Water worth its waste, um, weight in gold
Yes, I know you may be getting ready for dinner, and I’m sorry, but this is something we need to discuss: an invention we consider one of the hallmarks of a civilized society.
When we go to the bathroom (sorry), all we do is push a lever and a satisfying and powerful whoosh takes it all away.
Then it becomes someone else’s problem – in our case, Pima County’s. It’s gone, and that’s all that matters.
Robert Glennon knows this won’t make him tremendously popular, but he says we need to rethink how we dispose of human waste.
It’s one of many things we need to rethink when it comes to water, says Glennon, a law professor at the University of Arizona and author of a new book, “Unquenchable: America’s Water Crisis and What to Do About It.”
Although we take it for granted, Glennon points out that he isn’t the first person to point out that the way we handle human waste is wasteful.
More than 100 years ago, Teddy Roosevelt asked whether “civilized people ought to know how to dispose of the sewage in some other way than putting it into the drinking water.”
Looked at that way, it does seem rather silly.
As Glennon notes, we go to great lengths to ensure the water delivered to our homes is absolutely pure and ready to drink. Then we take a bunch of that pure, ready-to-drink water, dump you-know-what in it, and send it away.
“It is a bizarre system,” he said in an interview this week. “We take a resource, treat it to drinking water standards, then use only 10 percent for drinking.”
In his book, Glennon has plenty of examples of profligate water use.
There is the theme park outside Atlanta where in 2007, after a drought hit the South, a 400-foot tubing hill and 13,000-square-foot play area were opened – both covered in man-made snow.
After nonessential water use was banned, the theme park owners claimed snow-making was essential. They later relented and shut down the snow-making – after using 1.2 million gallons of water.
There are lavish magazine articles about opulent bathrooms in Phoenix homes where a designer bragged about catering to clients who demand “car wash” sprays in their showers. There are 10-head showers, each spewing 7.5 gallons per minute. So a 10-minute shower uses 750 gallons of water.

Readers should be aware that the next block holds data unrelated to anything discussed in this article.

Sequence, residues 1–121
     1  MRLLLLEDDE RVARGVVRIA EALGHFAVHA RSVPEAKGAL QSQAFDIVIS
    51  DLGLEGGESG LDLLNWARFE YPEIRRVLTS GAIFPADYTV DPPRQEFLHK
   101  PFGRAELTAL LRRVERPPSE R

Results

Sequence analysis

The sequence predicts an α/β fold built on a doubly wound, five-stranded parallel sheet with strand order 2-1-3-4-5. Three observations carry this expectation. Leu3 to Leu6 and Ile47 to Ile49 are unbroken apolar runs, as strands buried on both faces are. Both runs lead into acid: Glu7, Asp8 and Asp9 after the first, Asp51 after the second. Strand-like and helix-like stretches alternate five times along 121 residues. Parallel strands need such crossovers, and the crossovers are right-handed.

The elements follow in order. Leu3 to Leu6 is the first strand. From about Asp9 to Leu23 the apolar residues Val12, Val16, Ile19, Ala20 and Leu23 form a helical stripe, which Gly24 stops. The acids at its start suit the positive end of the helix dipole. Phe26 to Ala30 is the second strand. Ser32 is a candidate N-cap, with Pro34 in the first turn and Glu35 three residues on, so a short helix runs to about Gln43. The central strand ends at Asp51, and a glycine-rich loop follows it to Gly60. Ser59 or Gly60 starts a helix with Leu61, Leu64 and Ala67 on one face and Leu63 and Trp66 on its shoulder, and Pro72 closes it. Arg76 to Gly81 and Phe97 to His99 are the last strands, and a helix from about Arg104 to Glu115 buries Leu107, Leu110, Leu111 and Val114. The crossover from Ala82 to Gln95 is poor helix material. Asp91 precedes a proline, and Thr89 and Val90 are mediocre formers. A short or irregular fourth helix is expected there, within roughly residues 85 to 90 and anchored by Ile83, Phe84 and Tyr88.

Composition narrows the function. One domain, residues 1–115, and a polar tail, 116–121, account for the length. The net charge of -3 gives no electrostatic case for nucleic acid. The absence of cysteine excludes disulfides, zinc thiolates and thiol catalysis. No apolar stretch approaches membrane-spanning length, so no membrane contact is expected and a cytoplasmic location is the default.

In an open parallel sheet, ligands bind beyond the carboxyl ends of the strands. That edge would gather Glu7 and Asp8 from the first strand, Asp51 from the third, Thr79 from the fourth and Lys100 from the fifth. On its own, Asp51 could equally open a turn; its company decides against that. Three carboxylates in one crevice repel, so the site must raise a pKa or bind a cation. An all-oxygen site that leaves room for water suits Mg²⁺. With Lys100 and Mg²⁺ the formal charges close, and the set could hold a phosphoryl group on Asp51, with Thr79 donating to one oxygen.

There have been many plans and schemes – some downright wacko – to get more water to where it is needed.
Cloud seeding to make it rain more. Desalinate seawater. Filling ocean-going tankers with water and shipping it where needed. Put 13 million gallons of water in a massive polyfiber bag and use tugboats to tow the bags from Alaska to San Diego. Pipelines crossing the Rockies.
All the ideas are enormously expensive and face huge environmental and political obstacles. It certainly would be far simpler to just save more of the water we have than use it to dispose of human waste and have car wash shower sprays.
We don’t value water because we pay so little for it. Glennon notes that we pay more for cell phone or cable television service – neither of which is essential.
The average American family pays about one-quarter cent per gallon for its water – which works out to about $20 per month.
“But we’re not paying for the cost of the water,” Glennon said. “We’re only paying for the cost of getting it to us.”
So what can and should be done to persuade people to value the water they have?
Tucson already is ahead of most communities, Glennon said, with the use of reclaimed water on golf courses and parks and a rate structure in which the cost of each block of water is higher than the previous one – a system that penalizes high-volume users.
One-third of American communities have declining block rates – the more water you use, the cheaper it gets – which encourages profligate water use, Glennon said.
And unbelievably, an unknown number of communities don’t even have water meters. Customers pay a flat monthly rate regardless of usage.
Residents of Sacramento, Calif., for example, have no water meters and recently voted to keep it that way.
Glennon said, “We have treated water as though it is infinite and valueless, while it is really finite and valuable.”
Photo from Kohler.com
Mark Kimble appears sometimes at 6:30 p.m. Fridays on the Roundtable segment of “Arizona Illustrated” on KUAT-TV, Channel 6. He may be reached by e-mail at firstname.lastname@example.org or by calling 573-4662.
ABOUT THE BOOK
“Unquenchable: America’s Water Crisis and What to Do About It” by Robert Glennon
Published April 8 by Island Press
400 pages, $27.95